Minnesota Farmers: Profiting from the Carbon Bank, Fighting Climate Change?


The United States is betting big on the role farmers can play in mitigating climate change.

President Joe Biden has said he wants American farmers to be the first in the world to have net zero greenhouse gas emissions. How they might achieve this goal is not yet clear – but one idea that is getting a lot of attention is paying farmers to store carbon in the soil.

This is called the carbon bank, and some see it as a way to reduce the level of carbon dioxide in the atmosphere. While the concept has been around for decades, it still finds a place in agricultural-dense states like Minnesota.

“It’s definitely a change in management. And it definitely requires more management,” said AJ Krusemark, who operates a farm with his wife and parents near the town of Trimont in southern Minnesota.

The idea is that by changing agricultural practices, carbon dioxide can be removed from the atmosphere, converted and stored as soil carbon. Farmers can then earn credits for the carbon they store, and businesses can offset the pollution they cause by purchasing those credits.

The Krusemark family was already engaged in the type of agriculture focused on developing healthier soils, including many of the same practices that make them eligible for carbon credit sales.

“Our goal is to be as regenerative as possible in our farming practices,” he said.

Krusemark is an engineer by training. He returned to the farm eight years ago and began to learn about regenerative agriculture, a set of practices that, in part, increase the amount of carbon in the soil.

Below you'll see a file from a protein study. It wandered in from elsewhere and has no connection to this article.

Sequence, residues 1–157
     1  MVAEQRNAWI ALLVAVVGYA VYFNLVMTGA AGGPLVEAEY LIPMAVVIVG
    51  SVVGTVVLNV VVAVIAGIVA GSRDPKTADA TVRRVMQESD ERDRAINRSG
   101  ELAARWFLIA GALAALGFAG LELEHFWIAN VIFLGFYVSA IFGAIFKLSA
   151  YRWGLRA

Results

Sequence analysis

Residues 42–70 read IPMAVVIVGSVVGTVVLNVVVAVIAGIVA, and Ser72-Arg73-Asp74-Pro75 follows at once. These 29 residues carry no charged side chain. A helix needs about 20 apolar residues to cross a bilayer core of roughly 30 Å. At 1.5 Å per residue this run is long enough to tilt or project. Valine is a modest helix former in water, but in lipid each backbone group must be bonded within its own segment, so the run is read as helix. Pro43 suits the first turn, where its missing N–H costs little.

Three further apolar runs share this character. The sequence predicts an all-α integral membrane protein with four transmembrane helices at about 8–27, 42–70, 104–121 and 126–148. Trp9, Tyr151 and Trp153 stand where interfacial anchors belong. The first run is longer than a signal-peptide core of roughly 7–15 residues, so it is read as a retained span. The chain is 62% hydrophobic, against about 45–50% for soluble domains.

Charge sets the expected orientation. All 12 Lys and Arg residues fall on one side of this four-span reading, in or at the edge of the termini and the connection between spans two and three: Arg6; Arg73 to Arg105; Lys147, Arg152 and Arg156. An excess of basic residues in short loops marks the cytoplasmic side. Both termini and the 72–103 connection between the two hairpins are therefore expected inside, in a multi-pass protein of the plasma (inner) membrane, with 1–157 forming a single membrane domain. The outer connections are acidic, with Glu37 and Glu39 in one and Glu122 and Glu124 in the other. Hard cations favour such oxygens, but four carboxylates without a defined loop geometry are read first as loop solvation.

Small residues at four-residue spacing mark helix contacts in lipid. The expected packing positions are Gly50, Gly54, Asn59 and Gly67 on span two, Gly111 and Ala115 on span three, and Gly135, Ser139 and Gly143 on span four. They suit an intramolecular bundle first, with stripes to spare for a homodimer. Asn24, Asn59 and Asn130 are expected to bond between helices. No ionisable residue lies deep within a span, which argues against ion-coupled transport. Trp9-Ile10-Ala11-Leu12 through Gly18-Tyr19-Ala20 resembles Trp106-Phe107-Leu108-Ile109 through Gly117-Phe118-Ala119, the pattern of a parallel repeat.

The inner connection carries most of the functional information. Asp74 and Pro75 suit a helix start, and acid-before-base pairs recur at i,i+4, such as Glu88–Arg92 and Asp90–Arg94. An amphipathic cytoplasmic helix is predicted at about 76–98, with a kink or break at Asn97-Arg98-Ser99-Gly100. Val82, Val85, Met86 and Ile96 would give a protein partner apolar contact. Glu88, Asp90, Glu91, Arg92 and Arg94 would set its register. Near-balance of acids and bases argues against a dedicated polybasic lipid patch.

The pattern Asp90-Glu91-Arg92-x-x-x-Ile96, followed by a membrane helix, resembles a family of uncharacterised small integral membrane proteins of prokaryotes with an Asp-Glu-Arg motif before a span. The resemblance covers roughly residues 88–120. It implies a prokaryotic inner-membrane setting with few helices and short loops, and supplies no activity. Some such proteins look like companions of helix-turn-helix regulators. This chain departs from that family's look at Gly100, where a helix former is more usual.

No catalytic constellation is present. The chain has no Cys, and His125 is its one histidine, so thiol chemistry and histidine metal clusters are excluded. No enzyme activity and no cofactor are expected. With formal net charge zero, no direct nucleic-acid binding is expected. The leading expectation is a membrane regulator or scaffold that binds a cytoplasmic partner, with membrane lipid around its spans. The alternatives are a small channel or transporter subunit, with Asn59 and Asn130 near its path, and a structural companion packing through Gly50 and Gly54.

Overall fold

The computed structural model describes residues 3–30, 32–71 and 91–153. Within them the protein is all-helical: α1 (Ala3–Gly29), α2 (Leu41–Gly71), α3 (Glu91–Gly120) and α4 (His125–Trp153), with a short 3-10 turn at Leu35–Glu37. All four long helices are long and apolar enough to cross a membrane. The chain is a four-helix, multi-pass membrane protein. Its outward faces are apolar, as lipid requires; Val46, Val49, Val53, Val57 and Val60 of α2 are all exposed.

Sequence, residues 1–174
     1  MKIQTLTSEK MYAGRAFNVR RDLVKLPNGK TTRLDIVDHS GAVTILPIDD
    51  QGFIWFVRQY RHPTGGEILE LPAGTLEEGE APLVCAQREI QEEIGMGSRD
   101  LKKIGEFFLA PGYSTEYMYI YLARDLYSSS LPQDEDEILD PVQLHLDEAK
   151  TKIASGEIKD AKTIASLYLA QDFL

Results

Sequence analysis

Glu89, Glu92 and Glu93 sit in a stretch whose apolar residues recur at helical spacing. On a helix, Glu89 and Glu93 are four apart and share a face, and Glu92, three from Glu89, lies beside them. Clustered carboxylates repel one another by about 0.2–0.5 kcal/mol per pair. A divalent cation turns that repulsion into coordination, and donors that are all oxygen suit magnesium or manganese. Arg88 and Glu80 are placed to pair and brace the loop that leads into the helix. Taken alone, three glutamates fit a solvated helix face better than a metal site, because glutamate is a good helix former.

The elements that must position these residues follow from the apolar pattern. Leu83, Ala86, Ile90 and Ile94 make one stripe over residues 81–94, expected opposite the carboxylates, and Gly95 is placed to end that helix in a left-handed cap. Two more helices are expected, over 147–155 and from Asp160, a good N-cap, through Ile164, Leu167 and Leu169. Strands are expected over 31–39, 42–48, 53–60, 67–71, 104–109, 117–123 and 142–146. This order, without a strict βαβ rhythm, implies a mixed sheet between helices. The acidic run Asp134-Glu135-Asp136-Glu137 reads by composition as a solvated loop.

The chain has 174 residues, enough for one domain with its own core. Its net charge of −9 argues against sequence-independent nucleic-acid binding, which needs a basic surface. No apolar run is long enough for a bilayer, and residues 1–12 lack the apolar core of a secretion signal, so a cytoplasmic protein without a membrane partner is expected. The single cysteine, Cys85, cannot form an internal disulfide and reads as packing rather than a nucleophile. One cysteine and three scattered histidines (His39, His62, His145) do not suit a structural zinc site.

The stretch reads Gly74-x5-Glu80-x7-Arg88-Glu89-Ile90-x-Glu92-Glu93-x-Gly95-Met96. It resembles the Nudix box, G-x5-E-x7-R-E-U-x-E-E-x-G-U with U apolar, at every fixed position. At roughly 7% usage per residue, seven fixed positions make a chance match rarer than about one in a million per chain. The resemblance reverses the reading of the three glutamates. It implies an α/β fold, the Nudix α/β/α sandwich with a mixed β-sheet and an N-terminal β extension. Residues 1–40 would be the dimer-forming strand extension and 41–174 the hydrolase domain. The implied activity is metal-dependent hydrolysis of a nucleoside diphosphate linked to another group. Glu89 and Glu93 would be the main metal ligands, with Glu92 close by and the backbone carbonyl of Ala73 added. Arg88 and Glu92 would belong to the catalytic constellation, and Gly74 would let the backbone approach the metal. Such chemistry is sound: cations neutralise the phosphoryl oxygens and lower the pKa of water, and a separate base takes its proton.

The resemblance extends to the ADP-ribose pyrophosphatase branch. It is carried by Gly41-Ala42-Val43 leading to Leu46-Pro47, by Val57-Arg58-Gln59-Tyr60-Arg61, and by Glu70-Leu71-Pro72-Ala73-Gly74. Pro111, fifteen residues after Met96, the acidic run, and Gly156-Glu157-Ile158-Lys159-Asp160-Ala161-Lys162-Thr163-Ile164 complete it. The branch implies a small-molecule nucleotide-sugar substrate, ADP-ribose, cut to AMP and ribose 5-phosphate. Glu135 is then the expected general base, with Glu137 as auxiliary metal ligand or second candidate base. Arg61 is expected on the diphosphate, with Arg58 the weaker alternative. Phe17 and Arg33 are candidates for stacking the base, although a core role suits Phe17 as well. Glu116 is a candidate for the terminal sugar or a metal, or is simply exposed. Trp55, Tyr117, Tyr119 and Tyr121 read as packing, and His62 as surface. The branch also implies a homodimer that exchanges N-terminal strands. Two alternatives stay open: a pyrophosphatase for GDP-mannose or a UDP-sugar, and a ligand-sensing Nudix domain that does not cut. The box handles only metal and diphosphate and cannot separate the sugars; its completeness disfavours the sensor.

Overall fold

“I spend a lot of time reading, especially in the winter when we’re a little slower,” he said.

Regenerative agriculture is based on four fundamental principles: Limit soil disturbances; keep the soil covered throughout the growing season by planting cover crops; to graze cattle on the land; and planting a more diverse mix of crops.

Soybeans grown by direct sowing in a cereal rye cover crop on the Krusemark farm near Trimont.

Photo courtesy of AJ Krusemark

Krusemark plants cover crops to keep roots in the soil after cash crop harvest. It doesn’t plow the ground so much. Cattle periodically graze his fields, and he added peas to the traditional corn and soybean crop rotation.

These changes allowed Krusemarks to be paid for carbon credits through Truterra, a subsidiary of Minnesota-based agricultural giant Land O’Lakes.

Look back, look ahead

Companies that pay farmers to store carbon take several different approaches to calculating a farm’s carbon storage. Some look back, others look ahead. Either way, it is an imprecise science, based on calculations and estimations.

Truterra currently bases the price of its credits on the last five years of a farm’s practice. It calculates the projected impacts of certain agricultural practices on the land and pays farmers accordingly.

The company argues that this ‘retrospective’ approach will result in a better carbon storage program, as essential farming practices – which often require costly conversion when farmers abandon more traditional practices – are already established and farmers are more likely to maintain the practices.

Truterra is one of the many startups in the carbon bank. Other carbon banking companies pay farmers for future farming practices, requiring them to engage in regenerative approaches over a period of time.

Truterra President Jason Weller said he sees a lot of interest in his company’s program.

Microsoft was the first buyer of Truterra credits, buying 100,000 tonnes of carbon earlier this year. Truterra will not say how many farmers or how many acres of land are enrolled in the program.

But, said Weller, farmers won’t participate just for the money. It’s not enough.

“What we are proposing today is $ 20 a tonne for carbon,” he said. “When you put that on a per acre basis, you might be looking at half a ton per acre, per year. simple math, it works out to $ 10 an acre. “